There are few things that make me more sad than horse drawn carriages.
Unlike so many of the other cruelties that animals suffer on a daily basis in this country, this particular cruelty happens out in the open. Romanticized by Hollywood and those exploiting tourists, this is an industry that needs to be shut down. For good.
There are many reasons to ban horse drawn carriages. They are a danger to people – in cars, on bicycles, and on foot, as horses spook easily. Accidents have happened in nearly every city that uses horse drawn carriages. However, what stops my heart are the unspeakable realities that these beautiful animals face on a daily basis:
1. Horses work nose to tailpipe, and subsequently often contract respiratory illnesses.
2. Horses are especially sensitive to loud noises and unexpected sounds. City streets are scary places for them to work.
3. In New York City, the daily life of a carriage horse is so harsh that its working life is only four years, compared to a police department horse whose average working life is about 14 years.
4. Horses work in extremely hot and extremely cold weather. In New York City, they work nine hours a day, seven days a week.
5. Walking on pavement is difficult for horses, and lameness often results.
6. Many horses come into the industry with pre-existing injuries after working on Amish farms or at racetracks. Then they are forced to pull carriages weighing up to 800 pounds.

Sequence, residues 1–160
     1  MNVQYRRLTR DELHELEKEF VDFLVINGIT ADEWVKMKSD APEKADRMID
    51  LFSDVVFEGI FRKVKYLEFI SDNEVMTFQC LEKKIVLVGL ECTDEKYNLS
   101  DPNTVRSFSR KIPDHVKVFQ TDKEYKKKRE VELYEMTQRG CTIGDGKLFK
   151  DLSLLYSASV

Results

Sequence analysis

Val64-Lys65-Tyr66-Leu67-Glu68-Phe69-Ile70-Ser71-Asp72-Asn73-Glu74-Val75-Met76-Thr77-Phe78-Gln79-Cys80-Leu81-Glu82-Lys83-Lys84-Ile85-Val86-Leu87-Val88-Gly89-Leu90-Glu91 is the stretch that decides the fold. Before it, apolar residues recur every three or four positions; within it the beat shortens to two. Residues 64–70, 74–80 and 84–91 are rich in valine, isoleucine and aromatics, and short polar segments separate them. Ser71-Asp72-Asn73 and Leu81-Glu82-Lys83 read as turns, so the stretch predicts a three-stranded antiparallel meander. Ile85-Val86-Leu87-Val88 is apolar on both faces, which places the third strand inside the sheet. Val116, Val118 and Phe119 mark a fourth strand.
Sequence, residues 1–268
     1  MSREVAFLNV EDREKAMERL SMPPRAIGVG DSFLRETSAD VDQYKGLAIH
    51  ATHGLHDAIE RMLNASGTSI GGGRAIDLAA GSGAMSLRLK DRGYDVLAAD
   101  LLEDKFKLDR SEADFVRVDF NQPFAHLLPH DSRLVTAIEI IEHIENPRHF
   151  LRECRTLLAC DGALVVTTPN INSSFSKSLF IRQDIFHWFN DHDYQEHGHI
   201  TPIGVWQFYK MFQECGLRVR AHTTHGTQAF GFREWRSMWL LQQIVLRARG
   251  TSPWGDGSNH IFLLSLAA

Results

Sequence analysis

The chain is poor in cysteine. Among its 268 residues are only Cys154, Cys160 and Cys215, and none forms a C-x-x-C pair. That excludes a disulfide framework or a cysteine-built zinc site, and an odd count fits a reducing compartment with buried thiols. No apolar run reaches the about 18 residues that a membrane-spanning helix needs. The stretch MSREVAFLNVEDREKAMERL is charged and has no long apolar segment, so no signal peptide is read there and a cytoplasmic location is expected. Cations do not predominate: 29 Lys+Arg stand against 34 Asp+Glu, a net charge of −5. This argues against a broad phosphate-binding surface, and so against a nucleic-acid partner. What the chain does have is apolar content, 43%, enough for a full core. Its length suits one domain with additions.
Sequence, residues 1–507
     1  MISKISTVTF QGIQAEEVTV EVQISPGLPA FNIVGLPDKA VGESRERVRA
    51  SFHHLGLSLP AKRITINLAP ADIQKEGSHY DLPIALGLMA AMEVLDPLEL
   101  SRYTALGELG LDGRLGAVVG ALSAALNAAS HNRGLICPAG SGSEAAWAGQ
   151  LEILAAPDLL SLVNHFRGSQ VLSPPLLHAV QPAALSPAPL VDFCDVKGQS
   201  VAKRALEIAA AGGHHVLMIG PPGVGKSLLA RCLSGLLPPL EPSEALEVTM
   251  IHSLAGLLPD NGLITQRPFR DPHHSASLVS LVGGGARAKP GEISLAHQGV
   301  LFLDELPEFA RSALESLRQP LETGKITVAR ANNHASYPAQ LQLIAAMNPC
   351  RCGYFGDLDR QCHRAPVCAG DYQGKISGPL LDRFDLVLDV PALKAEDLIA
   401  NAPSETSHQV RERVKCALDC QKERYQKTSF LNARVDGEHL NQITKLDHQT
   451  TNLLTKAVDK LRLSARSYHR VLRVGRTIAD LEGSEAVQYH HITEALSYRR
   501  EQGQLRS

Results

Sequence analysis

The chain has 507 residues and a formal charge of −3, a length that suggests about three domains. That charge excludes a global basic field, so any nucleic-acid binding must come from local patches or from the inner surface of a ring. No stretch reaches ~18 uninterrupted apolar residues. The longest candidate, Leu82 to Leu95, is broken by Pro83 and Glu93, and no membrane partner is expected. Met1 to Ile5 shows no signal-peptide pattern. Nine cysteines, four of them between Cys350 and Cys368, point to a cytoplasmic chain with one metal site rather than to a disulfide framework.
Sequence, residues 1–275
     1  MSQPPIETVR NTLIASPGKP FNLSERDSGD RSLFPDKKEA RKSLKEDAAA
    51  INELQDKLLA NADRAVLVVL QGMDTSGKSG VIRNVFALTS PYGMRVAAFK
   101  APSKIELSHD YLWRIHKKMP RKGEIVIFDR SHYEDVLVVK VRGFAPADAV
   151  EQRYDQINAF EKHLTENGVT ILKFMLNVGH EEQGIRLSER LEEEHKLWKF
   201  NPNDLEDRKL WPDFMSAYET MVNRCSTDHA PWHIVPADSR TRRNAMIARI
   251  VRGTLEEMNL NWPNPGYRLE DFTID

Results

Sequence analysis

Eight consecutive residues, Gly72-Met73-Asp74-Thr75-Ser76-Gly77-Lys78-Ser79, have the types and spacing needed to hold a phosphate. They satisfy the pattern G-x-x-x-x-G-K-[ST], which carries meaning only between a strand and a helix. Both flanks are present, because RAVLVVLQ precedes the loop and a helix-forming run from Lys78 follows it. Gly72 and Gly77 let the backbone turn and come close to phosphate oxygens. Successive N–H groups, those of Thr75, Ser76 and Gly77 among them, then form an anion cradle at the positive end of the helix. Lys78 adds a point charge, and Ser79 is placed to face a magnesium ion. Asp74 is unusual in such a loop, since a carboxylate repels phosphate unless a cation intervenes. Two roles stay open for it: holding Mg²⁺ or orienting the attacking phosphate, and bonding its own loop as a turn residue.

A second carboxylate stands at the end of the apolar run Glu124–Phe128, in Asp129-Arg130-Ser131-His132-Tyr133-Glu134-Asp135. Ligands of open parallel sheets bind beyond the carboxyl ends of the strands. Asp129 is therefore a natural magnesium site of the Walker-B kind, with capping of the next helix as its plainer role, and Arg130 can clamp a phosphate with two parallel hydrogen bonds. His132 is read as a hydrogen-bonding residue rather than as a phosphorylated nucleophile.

7. In New York City, the horses’ stables are in buildings, usually on upper floors, and the horses are never given the chance to be in a natural environment.
8. Most retired carriage horses will be sent to slaughterhouses, used for dog food or food for animals in zoos. Horsemeat, a delicacy in some countries, is often shipped overseas.
Many cities, including Palm Beach, Las Vegas, Santa Fe, London, Paris, and Beijing, have banned horse drawn carriages. I’m ashamed to say that my hometown of Chicago still uses them. It’s heartbreaking, and terribly wrong.
For more information on the horse drawn carriage industry, check out the documentary Blinders.
Rebecca Grazulis is a Chicagoan, a vegetarian (yes, you can be both), a wanna-be yogi and a former high school English teacher in a period of career exploration. For more information, you can e-mail her at or visit her website.